ObamaCare's Terrible, Horrible, No Good, Very Bad Week
Over at The Motley Fool, Sean Williams has a lengthy analysis of ObamaCare's many woes, but the meat of the matter comes down to two things -- a lack of money and a lack of healthy paying customers.
Obamacare was expected to enroll 21 million new people by the end of 2016, at least according to projections from the Congressional Budget Office in 2013. Currently, this figure is about 10 million shy of the CBO's projections from three years ago, and it could fall further as attrition due to non-payment continues. Having fewer enrollees than initially expected is certainly not an ideal picture for insurers when the margins associated with Obamacare enrollees are typically much narrower than through other forms of enrollment. The smaller scale will likely only hurt profitability.
Obamacare enrollees have also tended to be a costlier, sicker group of individuals. According to a large analysis conducted by the Blue Cross Blue Shield Association, Obamacare enrollees cost, on average, 22% more per month than persons enrolled in an employer-sponsored health plan. This probably isn't too much of a shock considering that prior to Obamacare there were rules in place that allowed insurers to turn away people with pre-existing conditions. Under Obamacare, insurers can't do this anymore, meaning sicker individuals have been among the first to enroll, leaving insurers with an adverse patient pool.
The risk corridor has also been an utter failure.
You were warned, repeatedly, before ObamaCare was even signed into law, that its perverse incentives would lead to a insurance pool too small and too old and too sick to be sustainable. So other than another "I told you so," there really isn't much to add to the first and second paragraphs.
Now about that "utter failure" of a risk corridor...
We discussed those here a few weeks back, about how they made innovation "punishable by being forced to turn your money over to less efficient competitors." And if there's one thing at which ObamaCare is increasingly successful, it's punishing innovation. For yet another example, we now go to New Mexico:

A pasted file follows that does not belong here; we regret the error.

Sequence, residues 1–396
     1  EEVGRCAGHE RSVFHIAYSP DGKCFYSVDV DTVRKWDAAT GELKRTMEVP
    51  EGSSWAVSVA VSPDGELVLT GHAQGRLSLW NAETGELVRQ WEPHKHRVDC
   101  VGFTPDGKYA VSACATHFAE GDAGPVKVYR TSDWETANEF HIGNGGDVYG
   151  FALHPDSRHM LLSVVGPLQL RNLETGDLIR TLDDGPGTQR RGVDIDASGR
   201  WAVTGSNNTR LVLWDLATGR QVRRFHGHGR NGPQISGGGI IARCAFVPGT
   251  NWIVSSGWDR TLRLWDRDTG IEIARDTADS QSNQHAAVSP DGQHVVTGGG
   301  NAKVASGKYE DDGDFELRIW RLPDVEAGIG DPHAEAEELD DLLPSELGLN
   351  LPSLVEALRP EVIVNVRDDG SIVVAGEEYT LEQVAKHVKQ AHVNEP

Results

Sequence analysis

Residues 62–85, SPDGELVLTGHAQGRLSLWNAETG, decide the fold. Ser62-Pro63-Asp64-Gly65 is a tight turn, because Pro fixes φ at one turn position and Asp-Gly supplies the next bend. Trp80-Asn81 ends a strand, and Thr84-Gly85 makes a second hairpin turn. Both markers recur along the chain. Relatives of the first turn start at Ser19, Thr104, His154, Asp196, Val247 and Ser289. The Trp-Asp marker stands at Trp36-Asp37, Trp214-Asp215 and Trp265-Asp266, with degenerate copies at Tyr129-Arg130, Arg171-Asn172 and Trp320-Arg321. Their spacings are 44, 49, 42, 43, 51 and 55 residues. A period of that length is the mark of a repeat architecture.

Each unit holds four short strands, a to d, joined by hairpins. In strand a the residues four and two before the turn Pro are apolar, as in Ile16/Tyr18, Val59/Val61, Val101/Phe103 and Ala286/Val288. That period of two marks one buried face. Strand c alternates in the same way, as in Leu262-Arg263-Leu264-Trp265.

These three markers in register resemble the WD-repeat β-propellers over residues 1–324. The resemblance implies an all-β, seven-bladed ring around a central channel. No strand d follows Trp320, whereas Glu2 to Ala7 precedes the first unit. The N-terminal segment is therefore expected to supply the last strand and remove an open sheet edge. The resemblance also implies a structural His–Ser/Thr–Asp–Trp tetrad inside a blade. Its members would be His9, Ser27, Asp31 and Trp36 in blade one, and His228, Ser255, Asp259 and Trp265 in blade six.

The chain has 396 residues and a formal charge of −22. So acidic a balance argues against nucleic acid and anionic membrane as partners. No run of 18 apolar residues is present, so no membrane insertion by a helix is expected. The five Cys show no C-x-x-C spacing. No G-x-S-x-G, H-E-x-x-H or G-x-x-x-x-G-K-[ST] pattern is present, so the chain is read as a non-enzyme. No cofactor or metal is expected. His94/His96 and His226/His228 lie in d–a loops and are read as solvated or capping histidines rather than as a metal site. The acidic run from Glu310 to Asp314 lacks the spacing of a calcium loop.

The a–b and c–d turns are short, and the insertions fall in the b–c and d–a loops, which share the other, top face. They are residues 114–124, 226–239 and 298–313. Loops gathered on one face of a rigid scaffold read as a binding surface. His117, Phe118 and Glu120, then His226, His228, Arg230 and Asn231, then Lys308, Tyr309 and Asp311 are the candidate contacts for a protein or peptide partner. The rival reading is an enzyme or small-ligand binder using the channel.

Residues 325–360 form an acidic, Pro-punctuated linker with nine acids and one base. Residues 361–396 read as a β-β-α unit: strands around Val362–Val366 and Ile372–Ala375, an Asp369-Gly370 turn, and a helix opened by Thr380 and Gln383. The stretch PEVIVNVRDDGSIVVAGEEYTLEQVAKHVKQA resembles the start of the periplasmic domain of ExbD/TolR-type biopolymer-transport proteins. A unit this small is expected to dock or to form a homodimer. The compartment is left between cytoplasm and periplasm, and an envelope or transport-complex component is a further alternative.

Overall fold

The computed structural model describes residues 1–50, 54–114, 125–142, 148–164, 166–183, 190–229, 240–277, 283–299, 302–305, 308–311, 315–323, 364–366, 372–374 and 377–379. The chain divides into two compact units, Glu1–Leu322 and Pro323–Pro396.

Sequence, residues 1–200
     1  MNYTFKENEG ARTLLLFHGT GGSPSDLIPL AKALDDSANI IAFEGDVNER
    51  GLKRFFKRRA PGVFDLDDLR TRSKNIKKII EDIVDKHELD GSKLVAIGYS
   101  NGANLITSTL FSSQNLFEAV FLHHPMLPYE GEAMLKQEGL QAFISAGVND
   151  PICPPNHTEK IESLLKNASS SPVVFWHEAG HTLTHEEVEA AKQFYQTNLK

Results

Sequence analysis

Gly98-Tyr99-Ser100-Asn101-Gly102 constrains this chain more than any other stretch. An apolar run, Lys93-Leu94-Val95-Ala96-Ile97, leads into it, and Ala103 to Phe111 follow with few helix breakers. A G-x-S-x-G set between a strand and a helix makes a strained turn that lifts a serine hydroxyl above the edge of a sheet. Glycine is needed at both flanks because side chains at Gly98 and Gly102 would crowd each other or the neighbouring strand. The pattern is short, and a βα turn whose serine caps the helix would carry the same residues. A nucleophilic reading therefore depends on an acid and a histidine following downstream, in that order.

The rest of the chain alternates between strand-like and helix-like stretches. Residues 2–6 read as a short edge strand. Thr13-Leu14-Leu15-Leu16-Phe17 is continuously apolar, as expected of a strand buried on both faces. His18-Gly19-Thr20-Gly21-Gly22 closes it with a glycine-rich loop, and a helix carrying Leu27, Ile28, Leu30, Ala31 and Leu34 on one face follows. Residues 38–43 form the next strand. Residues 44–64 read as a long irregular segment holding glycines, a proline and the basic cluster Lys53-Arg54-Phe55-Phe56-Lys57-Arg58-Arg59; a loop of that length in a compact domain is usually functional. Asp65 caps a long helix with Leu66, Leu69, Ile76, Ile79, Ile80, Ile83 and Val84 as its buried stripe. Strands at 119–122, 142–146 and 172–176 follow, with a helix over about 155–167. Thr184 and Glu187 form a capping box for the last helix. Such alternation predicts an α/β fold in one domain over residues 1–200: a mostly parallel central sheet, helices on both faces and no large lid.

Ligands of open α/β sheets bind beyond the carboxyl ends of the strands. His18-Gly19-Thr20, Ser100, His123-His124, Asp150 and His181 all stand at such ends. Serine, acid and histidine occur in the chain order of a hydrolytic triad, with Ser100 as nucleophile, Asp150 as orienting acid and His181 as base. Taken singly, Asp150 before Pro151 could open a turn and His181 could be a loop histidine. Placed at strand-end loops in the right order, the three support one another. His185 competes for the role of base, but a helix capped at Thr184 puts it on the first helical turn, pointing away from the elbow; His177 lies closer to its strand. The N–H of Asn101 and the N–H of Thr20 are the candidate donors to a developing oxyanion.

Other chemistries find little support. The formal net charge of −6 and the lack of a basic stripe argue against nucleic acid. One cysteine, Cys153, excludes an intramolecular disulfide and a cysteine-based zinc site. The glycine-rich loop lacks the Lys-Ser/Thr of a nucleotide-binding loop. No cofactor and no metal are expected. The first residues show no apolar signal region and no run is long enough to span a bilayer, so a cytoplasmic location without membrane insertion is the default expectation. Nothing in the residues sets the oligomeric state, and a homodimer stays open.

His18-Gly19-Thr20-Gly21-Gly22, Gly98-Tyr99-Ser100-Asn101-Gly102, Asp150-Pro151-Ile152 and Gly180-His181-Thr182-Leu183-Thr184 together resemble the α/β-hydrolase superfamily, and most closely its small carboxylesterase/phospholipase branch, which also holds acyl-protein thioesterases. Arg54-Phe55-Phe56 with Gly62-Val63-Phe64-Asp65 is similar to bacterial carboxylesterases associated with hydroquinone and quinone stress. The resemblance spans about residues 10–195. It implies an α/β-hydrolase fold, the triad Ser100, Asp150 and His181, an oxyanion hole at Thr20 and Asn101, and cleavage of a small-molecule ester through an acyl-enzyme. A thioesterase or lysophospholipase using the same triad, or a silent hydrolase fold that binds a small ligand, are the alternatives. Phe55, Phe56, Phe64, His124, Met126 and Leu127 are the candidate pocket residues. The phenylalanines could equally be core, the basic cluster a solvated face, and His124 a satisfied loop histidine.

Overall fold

A New Mexico health insurer is suing the Obama administration, claiming rules implemented under the Affordable Care Act require the insurer to pay millions annually to a competitor, Blue Cross and Blue Shield of New Mexico, whose parent company sits on nearly $10 billion in reserves.
“This regulatory dystopia is the equivalent of forcing the local baker who sells cupcakes to neighborhood coffee shops to pay between 14 percent and 22 percent of his revenue to Nabisco,” says the complaint filed Friday by New Mexico Health Connections.
At issue is a U.S. Department of Health and Human Services risk-adjustment model that requires certain health insurers whose members are healthier to pay competitors whose members who aren’t as healthy — and are thus costlier to cover. The model is supposed to free insurers from being financially penalized for taking on less healthy members, allowing them to lower costs and offer more innovative insurance plans.
New Mexico Health Connections argues that it delivers just the type innovative health insurance coverage envisioned by the Affordable Care Act, also known as “Obamacare.” But the company’s federal lawsuit says the U.S. Department of Health and Human Services risk-adjustment model “brutally penalizes new, innovative, low-cost insurance companies and flouts Congress’s intent” in enacting the Affordable Care Act.
"Congress's intent?" About that...